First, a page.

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Palo Pinto (Missourian) Algal Limestone Buildups as Hydrocarbon Reservoirs, Conley Field, Hardeman County, Texas

Steven E. Lovell, Wayne M. Ahr

Mississippian and Pennsylvanian carbonates are important hydrocarbon reservoirs in the Hardeman basin of north Texas. The basin axis extends northeast-southwest, and stratigraphy at Conley field indicates that the area was structurally high during both the Mississippian and Pennsylvanian. The Palo Pinto Formation at Conley field is composed mainly of platy algal packstones with subordinate fossiliferous shales. The algal limestones thicken over the crest of the ancient structural high, where the low lime-mud content and the abundance of platy algae indicate that the depositional environment for the Palo Pinto was shallow (less than 100 ft in depth) and current-swept marine in character. Local thickening of the Palo Pinto can be explained as growth of platy algal bafflesto es which nucleated on the crests of paleostructural highs. The shales indicate periodic inundation accompanied by renewed terrigenous clastic influx. The highest parts of the carbonate buildups were altered by freshwater diagenesis during episodic periods of emergence. Dissolution of metastable allochems led to the formation of moldic porosity. Subsequently, during burial diagenesis, occlusion of pore space by calcspar cements, neomorphism, pressure solution, and some replacements occurred. The best porosity and permeability occur in packstone and grainstone facies, indicating that the reservoir mainly is controlled by depositional processes and only altered to an extent by diagenesis. Fracture porosity is not a major factor in this reservoir.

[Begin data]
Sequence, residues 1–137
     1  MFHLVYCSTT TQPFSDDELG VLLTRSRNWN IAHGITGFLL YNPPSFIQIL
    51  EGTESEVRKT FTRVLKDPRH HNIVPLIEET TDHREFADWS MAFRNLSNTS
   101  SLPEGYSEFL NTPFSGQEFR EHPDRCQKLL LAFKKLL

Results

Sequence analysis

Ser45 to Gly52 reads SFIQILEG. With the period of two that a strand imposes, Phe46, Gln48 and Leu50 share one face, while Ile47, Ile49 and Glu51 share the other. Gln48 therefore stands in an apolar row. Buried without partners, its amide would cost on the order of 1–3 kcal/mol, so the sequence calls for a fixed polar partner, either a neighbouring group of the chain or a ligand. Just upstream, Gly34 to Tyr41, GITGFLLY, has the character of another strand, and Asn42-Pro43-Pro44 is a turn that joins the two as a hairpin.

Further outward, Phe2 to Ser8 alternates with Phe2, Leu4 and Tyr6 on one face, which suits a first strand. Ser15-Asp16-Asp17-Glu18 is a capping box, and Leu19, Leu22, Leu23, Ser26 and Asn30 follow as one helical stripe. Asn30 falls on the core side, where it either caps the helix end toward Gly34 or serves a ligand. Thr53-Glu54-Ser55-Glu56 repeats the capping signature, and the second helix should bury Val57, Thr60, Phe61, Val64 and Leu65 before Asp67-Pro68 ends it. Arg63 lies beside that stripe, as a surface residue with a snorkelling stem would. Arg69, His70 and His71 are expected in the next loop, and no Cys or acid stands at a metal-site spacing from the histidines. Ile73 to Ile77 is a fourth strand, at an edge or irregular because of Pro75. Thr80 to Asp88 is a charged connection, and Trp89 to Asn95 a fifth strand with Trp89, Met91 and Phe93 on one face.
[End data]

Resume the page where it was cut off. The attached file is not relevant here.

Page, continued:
AAPG Search and Discovery Article #91037©1987 AAPG Southwest Section, Dallas, Texas, March 22-24, 1987.